• If you are still stuck, come to office hours. Sometimes just a brief meeting can get you pointed in the right direction (or help to back you up from a wrong path, to use a DFS analogy).
  4. When you write down your solution, re-read what you've written. Is the solution understandable? Does it answer specifically what you've been asked about? Your answers should be clear, and often they will be short.


  • We will use Piazza for online discussions and course announcements.
  • For almost all questions related to the class, it makes sense to use Piazza instead of email. It is faster: you can get a response to your questions from any of the staff members or even from your classmates, instead of waiting for the staff member you emailed. Also, your queries (and their answers) can help your classmates who have the same questions.
  • Make sure you don't post questions to piazza that give away solutions (or even give hints).


  • We will provide lecture notes covering all the material in this course, but we would like you to have a book to give you more detailed coverage (as well as an alternative perspective if you find our own confusing!). We recommend you get one of the following:
    • Introduction to Algorithms, by Cormen, Leiserson, Rivest, and Stein (hereafter referred to as "CLRS"). It's big, it's fairly expensive, but it is the gold standard of algorithms books with a lot of material. Based on the Algorithms course at MIT.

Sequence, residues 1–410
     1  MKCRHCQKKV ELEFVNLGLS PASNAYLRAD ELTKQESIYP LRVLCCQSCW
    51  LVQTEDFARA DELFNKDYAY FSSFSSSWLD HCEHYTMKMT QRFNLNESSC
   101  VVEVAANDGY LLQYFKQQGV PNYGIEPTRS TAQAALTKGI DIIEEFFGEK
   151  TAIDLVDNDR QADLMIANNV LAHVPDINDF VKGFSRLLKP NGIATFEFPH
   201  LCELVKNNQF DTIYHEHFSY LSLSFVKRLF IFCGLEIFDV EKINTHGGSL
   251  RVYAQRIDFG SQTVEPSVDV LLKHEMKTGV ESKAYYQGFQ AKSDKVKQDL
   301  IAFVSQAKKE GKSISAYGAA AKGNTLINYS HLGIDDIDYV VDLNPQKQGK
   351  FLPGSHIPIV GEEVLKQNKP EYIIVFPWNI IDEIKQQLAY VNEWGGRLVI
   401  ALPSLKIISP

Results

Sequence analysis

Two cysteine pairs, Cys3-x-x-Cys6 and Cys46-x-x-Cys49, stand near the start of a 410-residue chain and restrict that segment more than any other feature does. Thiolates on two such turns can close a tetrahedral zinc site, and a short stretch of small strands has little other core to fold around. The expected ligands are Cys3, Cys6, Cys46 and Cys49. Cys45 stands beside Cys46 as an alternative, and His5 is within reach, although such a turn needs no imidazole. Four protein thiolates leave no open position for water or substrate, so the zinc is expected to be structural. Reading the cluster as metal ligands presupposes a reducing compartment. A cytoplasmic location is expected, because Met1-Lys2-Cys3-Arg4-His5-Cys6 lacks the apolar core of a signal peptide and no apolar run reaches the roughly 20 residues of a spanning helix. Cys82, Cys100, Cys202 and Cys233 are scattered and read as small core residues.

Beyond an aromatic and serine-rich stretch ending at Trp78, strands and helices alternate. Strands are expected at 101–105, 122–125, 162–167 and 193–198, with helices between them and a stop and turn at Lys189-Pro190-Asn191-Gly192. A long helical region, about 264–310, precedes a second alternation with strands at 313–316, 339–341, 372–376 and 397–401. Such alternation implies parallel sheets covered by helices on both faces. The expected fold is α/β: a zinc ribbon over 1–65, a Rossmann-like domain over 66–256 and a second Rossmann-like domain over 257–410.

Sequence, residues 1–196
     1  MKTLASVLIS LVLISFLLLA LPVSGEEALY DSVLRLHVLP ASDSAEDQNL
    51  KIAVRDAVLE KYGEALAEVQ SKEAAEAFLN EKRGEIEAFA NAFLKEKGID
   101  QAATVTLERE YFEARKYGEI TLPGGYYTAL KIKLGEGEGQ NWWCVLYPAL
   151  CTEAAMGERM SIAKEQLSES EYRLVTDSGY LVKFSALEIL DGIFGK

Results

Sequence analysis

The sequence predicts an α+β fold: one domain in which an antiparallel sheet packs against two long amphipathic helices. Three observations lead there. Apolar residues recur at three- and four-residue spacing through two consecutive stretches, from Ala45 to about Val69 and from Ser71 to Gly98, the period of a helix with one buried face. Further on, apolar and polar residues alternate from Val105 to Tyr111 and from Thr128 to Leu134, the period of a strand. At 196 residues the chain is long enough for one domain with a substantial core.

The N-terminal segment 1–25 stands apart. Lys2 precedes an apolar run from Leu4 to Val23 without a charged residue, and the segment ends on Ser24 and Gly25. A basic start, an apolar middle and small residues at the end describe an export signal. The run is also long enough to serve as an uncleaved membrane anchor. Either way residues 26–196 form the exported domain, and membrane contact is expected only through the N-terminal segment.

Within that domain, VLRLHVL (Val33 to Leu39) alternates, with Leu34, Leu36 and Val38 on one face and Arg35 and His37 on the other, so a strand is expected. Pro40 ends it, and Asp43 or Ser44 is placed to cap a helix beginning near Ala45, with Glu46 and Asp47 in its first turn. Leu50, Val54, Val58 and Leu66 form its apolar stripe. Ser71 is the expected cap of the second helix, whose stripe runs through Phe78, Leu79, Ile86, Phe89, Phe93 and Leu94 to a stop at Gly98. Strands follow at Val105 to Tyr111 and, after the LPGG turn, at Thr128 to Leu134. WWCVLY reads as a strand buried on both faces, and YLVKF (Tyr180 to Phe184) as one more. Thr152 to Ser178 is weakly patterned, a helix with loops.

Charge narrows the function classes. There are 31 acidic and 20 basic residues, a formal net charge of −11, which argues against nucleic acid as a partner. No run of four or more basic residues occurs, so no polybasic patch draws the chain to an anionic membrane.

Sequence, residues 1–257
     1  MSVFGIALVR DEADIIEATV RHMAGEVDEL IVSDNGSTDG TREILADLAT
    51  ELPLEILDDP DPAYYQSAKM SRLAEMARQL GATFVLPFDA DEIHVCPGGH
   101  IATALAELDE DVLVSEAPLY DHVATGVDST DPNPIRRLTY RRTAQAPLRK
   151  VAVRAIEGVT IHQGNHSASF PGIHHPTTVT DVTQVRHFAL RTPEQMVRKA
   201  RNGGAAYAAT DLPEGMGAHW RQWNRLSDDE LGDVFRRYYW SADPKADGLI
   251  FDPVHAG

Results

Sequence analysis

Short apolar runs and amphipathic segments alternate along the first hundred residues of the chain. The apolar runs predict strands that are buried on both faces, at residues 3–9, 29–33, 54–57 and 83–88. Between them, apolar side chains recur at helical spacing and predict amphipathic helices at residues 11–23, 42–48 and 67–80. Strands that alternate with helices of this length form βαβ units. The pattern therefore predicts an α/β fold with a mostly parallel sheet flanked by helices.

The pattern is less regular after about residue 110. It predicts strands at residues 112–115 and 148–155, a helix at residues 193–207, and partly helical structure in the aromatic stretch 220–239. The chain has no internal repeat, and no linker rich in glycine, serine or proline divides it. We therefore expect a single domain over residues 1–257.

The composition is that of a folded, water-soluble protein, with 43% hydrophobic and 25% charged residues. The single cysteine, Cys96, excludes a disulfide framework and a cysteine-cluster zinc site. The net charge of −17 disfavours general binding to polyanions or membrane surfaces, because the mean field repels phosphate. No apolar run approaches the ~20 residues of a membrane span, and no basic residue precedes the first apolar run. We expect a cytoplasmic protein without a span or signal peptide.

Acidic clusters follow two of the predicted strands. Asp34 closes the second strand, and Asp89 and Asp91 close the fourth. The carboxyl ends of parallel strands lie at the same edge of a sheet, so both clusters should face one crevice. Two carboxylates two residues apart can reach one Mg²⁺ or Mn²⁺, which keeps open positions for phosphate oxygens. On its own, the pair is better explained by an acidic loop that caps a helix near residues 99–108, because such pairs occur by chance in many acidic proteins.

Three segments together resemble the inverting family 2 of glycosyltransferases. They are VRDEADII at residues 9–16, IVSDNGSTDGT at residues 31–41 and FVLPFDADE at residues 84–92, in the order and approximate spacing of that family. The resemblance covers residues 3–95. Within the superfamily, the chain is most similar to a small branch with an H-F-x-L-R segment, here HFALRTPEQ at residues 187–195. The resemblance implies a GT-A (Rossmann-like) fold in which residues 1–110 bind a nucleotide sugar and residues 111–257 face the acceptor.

• Algorithms, by Dasgupta, Papadimitriou, and Vazirani (herafter referred to as "DPV"). Smaller, cheaper, more informal. A relatively new book based on Algorithms courses at UC Berkeley and UCSD. A preliminary (incomplete) version is available here.
  • Specific readings in CLRS and DPV will be listed on the course schedule. It is recommended that you skim the reading before lecture, with a more thorough read afterwards.
  • Other helpful material can be found in: Algorithm Design by J. Kleinberg and E. Tardos, Data Structures and Network Algorithms by R. E. Tarjan, Randomized Algorithms by Motwani and Raghavan, Programming Pearls by J. Bentley, Introduction to Algorithms: a Creative Approach by U. Manber, and the classic Aho-Hopcroft-Ullman book. See also some excellent lecture notes by Jeff Erickson at UIUC.

Other Policies

Lateness and Absence

  • Make-ups for the exams and the final must be arranged at least one week in advance, barring extreme situations. Make sure to document any health problems you might have. If you need special accommodations, please contact Prof. Sleator or Prof. Gupta as early as possible.

Academic Integrity

Finally, feel free to contact any member of the course staff to clarify these policies.